I read Lenny Rudow’s article regarding boat wax, which was very
informative. He advises to use wax with a beeswax base. Every
wax product I can find is either a carnauba base or no description
at all. Help! Dan Callen
From Lenny Rudow: It doesn’t need to be 100% carnauba-free, it just needs
to be based on beeswax instead of carnauba. Most waxes contain some
level of carnauba, the key is having a large amount of beeswax. If it doesn’t
specifically state carnauba wax, you can safely assume it’s beeswax.
In “Watering Batteries” (“Ask The Experts,” Oct. 2013), Don Casey
replied to Ron Beitelspacher that he was unaware of a solution for
topping off, and not overfilling, batteries in a confined space. A perfect solution for me has been a battery-watering system that intercon-nects all the cells together with neoprene tubing to a central refilling
hose, which is commonly done to maintain golf-cart batteries.
From Don Casey: We’ve heard from a number of BoatU.S. members about
various plumbed solutions for inaccessible batteries and have passed along
this new enlightenment to Ron in Loreto.
TOWING THE LINE?
We got several letters about Bill Parlatore’s “Magenta Line” (October
2013). Reader opinion ranged from praising Parlatore for his helpful
suggestions to, echoing one correspondent, “Duhhhhhhhh!”
— The Editors
Bill’s dead on. Blind adherence to the magenta line in some barely
football-field-wide sections of the Intracoastal Waterway will run you
aground before you can pull back your throttle. Using the GPS as a
“guideline,” paying close attention to navigational aids, and using
your “sixth sense” as Bill suggests are excellent points. In many cases,
“local knowledge” of recreational and commercial boaters who run
the waters ahead of your boat is just a hail and a channel change
away. Even more helpful, and always reliable, is your depth sounder.
Bill Parlatore’s “Magenta Line” was a great history of the ICW and
made various good points. However, I was dumbfounded to find out
that he followed a chart’s magenta line when navigating the ICW.
I’d think that a prudent navigator would use all available navigation
NONE OF YOUR BEESWAX
6 | BoatU.S. Magazine DECEMBER 2013
That’s One Happy Kid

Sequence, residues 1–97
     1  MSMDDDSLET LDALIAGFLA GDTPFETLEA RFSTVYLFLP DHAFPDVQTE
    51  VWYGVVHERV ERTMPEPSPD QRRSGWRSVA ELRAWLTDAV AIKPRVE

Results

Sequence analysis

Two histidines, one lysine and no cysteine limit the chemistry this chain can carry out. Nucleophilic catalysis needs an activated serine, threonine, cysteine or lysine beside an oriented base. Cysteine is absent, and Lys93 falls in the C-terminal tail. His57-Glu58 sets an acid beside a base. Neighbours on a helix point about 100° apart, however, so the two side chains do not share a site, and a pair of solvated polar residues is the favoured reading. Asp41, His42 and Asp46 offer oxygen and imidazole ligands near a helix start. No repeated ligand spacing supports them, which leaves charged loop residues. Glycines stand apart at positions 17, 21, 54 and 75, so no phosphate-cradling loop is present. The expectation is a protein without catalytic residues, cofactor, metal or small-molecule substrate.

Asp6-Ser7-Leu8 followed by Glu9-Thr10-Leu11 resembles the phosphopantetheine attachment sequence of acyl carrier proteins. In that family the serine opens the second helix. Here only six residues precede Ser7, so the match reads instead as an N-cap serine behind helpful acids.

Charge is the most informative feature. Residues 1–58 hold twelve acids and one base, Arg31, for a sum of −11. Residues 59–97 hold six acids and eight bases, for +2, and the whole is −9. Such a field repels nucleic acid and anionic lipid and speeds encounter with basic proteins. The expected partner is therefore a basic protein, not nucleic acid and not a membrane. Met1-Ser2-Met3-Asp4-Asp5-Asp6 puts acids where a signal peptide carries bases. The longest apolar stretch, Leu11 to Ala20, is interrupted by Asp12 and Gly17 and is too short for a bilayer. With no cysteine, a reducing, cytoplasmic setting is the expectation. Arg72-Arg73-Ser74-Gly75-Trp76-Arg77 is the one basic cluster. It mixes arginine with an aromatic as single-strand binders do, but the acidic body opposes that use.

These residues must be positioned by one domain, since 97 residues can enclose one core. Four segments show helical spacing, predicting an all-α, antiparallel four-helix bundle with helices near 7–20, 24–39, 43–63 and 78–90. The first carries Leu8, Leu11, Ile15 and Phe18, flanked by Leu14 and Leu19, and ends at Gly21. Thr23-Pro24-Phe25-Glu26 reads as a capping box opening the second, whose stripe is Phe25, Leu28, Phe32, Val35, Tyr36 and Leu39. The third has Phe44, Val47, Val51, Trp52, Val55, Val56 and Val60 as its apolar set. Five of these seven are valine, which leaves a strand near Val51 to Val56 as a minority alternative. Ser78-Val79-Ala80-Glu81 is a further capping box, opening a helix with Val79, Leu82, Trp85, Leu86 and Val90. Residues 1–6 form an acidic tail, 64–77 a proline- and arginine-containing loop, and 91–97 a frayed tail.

Tim Stolar, from Rhinelander, Wisconsin,
writes: “This picture was taken last year
when my wife Amy and I took our family
of five kids out on our 34-foot Mainship
trawler Iron Horse on Lake Superior. The
photo is of me and my youngest son
Cole. For months all he talked about was
driving the boat with me, and when he
finally got his chance he was as happy as
a kid on Christmas morning. All winter
long when we would put him to bed, the
only comfort to make him go to sleep
was that he would be able to drive the
boat, and it always worked.”
SEND PHOTOS! We’d love to see photos of you, your
family, and friends enjoying great times on the water.
Email the high-resolution version to us with your name
and address to Letters ToEditor@BoatUS.com and tell
us who or what’s in the photo.
With Friends Like These ...
Terry and Rosa Biagi sent in this
picture of their friends’ boat, a
1974 Skipjack with … a bit of a
problem keeping the water on
the outside. “The boat had never
been named,” Terry writes, “but
they’d always answer to ‘Leaky
Leaky’ when called on the VHF.”
Terry and Rosa decided to make
it official by ordering decals
from BoatU.S. Graphics and by
taking this photo during its first
voyage with the new name.
Keeping A Lookout
that her 15-month-old cat Mink, seen here with friends Rainey Just,
and Michael and David Laquara, loves going out on their 42-foot
Coastal Cruiser. This picture was taken at Ripley Light Yacht Club, in
Charleston, South Carolina. Just don’t let the cat chase the light.